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First Anniversary of Battle of Warsaw Ghetto Commemorated; State Dept. Lauds Heroes

April 13, 1944
See Original Daily Bulletin From This Date

The uprising of the Jewish people in the Warsaw ghetto, in Nazi-held Poland, which began on April 19 a year ago and was not totally suppressed until late in May, was observed here today at a mass-meeting in the Capitol Hotel arranged by the American Representation of the General Jewish Workers’ Union of Poland.

Messages lauding the heroic Jewish resistance to the German forces were sent to the meeting by the State Department, under the signature of Adolf A. Berle, Jr., Assistant Secretary of State, Governor Thomas L. Dewey, Mayor LaGuardia, Mrs. Eleanor Roosevelt, Arthur Hays Sulzberger and many prominent Americans.

“No finer page has been written in the long history of the Jews than the battle waged by unarmed men, women and children against the brutal Nazi murderers,” the message of the State Department said. “They have provided an inspiring example to all who, believing in liberty and the dignity of the human soul, prefer an honorable death to slavery. Their sacrifice shall not have been in vain. For the heroic defenders of the Warsaw ghetto have strengthened the spirit of free peoples resolved upon the extinction of Nazi tyranny and the liberation of all oppressed peoples.”

The anniversary of the battle of the Warsaw Ghetto will be observed by Jews throughout the United States on April 19 with memorial meetings and with special prayers. In New York, a mass-meeting will be held in Carnegie Hall addressed by prominent Jewish leaders. Jewish workers will stop work for ten minutes in honor of the heroes and martyrs of Warsaw.


Judge Joseph M. Proskauer, president of the American Jewish Committee, in a statement issued today emphasized that “in all the heroism of this world-wide war, no single act compares with the valor of the starving, downtrodden Jews of the Warsaw Ghetto.” His statement reads:

“April 19, 1943, is a date that will long be remembered in Jewish annals. It commemorates the day when thirty-five thousand Jews – men, women and children – rose in righteous wrath against the despoiler. Thirty-five thousand Warsaw Jews, the remnant of the greatest Jewish community in continental Europe, entered into a suicide pact. Though resistance was futile, though it spelled inevitable death, these heroic Jews chose to die fighting. They chose to sacrifice their lives upon the alter of the battle against totalitarianism; they chose to sell their lives dearly at a price that would cost the Nazis thousands of their soldiers and hundreds of Warsaw’s industrial plants.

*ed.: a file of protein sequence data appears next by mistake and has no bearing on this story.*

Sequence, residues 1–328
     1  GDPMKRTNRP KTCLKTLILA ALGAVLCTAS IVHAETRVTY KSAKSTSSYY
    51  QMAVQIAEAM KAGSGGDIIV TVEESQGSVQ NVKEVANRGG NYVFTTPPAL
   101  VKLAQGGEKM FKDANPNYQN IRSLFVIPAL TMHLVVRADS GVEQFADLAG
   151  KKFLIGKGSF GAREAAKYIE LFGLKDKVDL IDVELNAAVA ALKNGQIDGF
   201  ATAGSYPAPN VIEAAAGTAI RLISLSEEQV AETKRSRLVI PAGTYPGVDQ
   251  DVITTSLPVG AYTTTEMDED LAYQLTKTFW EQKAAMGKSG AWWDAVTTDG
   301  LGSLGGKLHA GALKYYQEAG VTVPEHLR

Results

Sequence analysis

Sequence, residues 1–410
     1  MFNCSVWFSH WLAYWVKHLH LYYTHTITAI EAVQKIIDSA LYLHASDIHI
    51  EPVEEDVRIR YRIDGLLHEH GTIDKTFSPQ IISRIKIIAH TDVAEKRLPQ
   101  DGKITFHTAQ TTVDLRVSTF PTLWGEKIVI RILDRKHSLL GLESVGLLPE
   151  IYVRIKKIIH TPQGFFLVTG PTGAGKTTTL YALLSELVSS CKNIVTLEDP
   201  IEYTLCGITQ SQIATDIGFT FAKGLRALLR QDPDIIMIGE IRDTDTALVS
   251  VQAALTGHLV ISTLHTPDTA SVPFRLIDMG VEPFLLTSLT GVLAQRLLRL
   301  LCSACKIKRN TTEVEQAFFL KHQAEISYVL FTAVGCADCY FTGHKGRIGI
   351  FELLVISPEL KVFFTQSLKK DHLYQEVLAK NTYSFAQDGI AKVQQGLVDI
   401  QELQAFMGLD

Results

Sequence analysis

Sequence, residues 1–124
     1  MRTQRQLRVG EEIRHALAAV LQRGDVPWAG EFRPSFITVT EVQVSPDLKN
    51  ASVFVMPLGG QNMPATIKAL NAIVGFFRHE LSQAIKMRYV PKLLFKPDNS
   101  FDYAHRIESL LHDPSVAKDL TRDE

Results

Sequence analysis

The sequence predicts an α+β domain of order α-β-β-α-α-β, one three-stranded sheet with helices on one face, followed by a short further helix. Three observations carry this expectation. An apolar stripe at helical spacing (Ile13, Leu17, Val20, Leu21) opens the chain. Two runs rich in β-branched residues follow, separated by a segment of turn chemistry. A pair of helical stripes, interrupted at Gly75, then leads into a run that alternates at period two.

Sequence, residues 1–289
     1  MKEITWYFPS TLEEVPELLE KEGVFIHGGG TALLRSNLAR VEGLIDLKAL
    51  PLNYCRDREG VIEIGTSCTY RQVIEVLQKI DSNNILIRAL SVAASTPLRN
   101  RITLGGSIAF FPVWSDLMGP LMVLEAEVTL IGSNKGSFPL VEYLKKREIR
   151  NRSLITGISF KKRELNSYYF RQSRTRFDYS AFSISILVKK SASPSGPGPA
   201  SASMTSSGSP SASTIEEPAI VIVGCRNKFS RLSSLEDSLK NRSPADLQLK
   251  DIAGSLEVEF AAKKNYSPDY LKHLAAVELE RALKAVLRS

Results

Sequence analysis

“In all the heroism of this worldwide war, no single act compares with the valor of the starving, downtrodden Jews of the Warsaw Ghetto. For thirty-seven days from April 19th to May 26th, this group of Jews fought the Nazis, fought them, until they had no more ammunition, no more strength, – fought them, until they died. Those Jews of the Warsaw Ghetto fought and died for their homes, for the land of their nativity. Although theirs had not always been the happiest lot, although Poland was all too often susceptible to anti-Semitic hate, these Jews fought to the death an aggressor who had ravished their land.

“Those Jews fought and died in the Warsaw Ghetto, fought as Poles just as their brothers in the United States, Great Britain, Russia and Jews of all other nationalities are fighting side by side with their Christian brothers against the Axis Powers. The battle of the Warsaw Jews, their hopeless battle, must ever be an inspiration to

us all. It is appropriate that we who live commemorate their valor on the anniversary of their battle to the death. It is fitting that the traditional Hebrew prayer for the dead, El Mole Rachamin, be said for those who died that freedom may live,” the statement concludes.

The anniversary of the Warsaw Ghetto resistance to the Nazis a year ago will be observed as a day of Prayer and Sorrow in American synagogues on April 19th, it was announced by the Synagogue Council of America. The Synagogue Council of America has proclaimed the observance of the day in cooperation with the American Jewish Conference which has called for the nationwide commemoration of the battle of the Warsaw Ghetto. Special prayers and devotions have been prepared by the Synagogue Council and sent to religious leaders of American Jewry for use at the convocations.

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